A Brief Note on Philosophy and Rhetoric

In What Philosophers Know (2007), Garry Gutting showed that Quine didn’t demonstrate the truth of his arguments against the two dogmas of empiricism, analyticity and reductionism. Indeed, he hardly argued his case at all:

Quine’s holism, along with his related naturalism and pragmatism, seems supported by nothing more than persuasive rhetoric. His presentation is impressive as a philosophical manifesto or program, but not as a cogent argument for a conclusion. (P. 30.)

Other philosophers agree. Richard Creath says that “there is no explicit argument…. We are left to conclude that the elegance and coherence of his positive views are intended by Quine to be the argument” (p. 30).

Tyler Burdge recognizes that Quine makes arguments, but that those “against the second dogma are unsound” and that “the metaphors, slogans, and observations invoked to recommend them do not … make them cogent.” Quine’s holism “is not argued anywhere in depth,” and “the view rides on the waves of assertion and metaphor” (p. 29).

Gutting adds that “Quine’s critique of the analytic-synthetic distinction is based on unjustified controversial assumptions,” in particular those of Skinnerian behaviorism (p. 22).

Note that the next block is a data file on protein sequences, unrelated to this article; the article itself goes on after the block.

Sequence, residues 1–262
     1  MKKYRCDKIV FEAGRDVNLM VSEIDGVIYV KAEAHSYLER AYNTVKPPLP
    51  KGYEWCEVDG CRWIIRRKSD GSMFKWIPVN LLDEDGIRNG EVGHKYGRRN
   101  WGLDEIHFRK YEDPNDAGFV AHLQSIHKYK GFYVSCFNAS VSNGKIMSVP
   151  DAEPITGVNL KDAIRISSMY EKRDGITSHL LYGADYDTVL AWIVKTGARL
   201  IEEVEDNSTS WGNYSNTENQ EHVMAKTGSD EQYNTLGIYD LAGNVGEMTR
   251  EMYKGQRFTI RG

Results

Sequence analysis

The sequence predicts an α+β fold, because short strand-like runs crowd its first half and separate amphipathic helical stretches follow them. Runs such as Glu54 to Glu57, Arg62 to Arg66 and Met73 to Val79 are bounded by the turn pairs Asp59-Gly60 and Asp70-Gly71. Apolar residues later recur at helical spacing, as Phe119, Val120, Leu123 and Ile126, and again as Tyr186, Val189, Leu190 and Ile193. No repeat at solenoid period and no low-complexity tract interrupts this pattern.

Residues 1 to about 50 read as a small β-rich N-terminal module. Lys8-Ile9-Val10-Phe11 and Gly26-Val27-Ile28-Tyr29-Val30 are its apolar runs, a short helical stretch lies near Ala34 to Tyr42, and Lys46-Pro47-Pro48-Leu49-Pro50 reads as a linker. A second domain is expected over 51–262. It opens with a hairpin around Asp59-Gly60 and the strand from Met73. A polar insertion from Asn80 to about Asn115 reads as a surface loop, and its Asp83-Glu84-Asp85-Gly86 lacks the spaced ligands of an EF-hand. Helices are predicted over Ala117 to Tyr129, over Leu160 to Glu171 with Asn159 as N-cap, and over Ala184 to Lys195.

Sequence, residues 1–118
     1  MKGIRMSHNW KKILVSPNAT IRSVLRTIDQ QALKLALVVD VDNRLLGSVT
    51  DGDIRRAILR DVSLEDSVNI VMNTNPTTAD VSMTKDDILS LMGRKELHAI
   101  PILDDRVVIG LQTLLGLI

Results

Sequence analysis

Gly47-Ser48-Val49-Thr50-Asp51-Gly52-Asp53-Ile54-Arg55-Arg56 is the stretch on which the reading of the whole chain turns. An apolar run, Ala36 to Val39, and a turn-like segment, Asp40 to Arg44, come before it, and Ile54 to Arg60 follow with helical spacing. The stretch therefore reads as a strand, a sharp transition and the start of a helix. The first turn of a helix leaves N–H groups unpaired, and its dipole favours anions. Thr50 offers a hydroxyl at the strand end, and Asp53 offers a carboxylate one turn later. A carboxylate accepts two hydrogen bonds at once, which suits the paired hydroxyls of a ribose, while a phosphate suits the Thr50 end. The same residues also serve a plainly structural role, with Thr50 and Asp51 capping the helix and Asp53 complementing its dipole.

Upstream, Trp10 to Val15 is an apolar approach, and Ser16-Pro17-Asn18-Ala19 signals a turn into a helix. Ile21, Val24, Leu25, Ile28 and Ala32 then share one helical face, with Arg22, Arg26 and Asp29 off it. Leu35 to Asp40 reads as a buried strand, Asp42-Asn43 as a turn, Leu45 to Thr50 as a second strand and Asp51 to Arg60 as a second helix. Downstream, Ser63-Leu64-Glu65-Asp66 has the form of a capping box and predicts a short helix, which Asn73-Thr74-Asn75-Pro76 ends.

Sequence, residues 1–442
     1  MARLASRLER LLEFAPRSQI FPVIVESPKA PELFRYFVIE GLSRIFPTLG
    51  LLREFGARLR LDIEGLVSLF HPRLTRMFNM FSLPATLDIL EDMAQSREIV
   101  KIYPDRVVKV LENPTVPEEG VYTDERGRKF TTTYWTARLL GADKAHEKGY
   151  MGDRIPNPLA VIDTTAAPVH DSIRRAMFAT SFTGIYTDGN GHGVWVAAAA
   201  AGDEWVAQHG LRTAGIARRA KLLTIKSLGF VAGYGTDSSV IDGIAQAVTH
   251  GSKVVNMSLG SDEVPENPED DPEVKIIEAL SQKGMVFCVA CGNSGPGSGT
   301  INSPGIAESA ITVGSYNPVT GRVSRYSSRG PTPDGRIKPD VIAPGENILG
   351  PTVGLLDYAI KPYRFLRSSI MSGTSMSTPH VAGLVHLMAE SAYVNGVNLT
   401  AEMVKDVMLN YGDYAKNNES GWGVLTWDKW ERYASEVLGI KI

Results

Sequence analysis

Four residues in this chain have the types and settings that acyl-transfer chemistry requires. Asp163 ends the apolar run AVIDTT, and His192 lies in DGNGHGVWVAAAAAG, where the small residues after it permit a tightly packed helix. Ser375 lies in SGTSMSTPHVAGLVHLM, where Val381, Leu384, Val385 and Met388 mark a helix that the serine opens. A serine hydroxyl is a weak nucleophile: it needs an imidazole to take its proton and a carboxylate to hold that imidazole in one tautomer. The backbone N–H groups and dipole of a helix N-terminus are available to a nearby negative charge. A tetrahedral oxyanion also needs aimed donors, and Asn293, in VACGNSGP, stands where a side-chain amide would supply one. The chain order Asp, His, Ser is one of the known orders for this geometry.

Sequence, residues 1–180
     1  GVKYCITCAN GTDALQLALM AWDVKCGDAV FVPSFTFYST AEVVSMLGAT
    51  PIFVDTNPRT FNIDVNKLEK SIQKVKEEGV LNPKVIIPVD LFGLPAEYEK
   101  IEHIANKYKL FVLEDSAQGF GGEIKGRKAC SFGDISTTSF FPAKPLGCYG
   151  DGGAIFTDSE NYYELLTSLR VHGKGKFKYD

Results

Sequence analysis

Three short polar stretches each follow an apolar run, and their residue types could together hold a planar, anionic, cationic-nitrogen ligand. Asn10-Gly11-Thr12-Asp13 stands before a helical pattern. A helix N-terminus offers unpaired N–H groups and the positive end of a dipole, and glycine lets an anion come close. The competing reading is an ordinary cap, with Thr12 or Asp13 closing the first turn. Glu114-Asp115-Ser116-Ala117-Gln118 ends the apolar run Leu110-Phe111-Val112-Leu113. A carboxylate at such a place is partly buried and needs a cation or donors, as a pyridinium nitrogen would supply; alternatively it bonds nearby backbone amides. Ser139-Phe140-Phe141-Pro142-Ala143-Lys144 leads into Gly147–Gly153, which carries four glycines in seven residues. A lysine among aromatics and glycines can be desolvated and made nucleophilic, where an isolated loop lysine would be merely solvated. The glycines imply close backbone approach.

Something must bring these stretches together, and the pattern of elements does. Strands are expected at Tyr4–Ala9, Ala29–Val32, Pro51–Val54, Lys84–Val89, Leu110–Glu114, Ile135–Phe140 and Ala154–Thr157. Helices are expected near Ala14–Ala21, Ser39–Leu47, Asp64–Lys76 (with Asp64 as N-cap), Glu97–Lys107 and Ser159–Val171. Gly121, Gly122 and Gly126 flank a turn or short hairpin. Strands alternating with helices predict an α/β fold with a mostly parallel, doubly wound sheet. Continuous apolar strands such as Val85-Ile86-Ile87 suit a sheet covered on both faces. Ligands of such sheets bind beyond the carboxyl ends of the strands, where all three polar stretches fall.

This doesn’t mean that Quine’s arguments weren’t important. Gutting quotes Gilbert Hartman: “few philosophers were converted to Quinian skepticism about the distinction at first, but there followed an intense exploration, in which numerous attempts to defend the distinction proved ineffective” (p. 25). The exploration showed that “analytic” could not be defined without using concepts such as “necessary” and “self-contradictory,” but it didn’t show that there was no valid analytic-synthetic distinction.

The episode says something about the philosophical enterprise: it isn’t all about making conclusive arguments. Sometimes philosophy can move forward when someone draws attention to a problem in a way that makes looking into it seem exciting, rewarding, or otherwise attractive. A philosopher can paint a picture of a problem without making an argument, and a good picture can set the stage for argument. Philosophy and rhetoric aren’t necessarily the enemies that Plato made them out to be.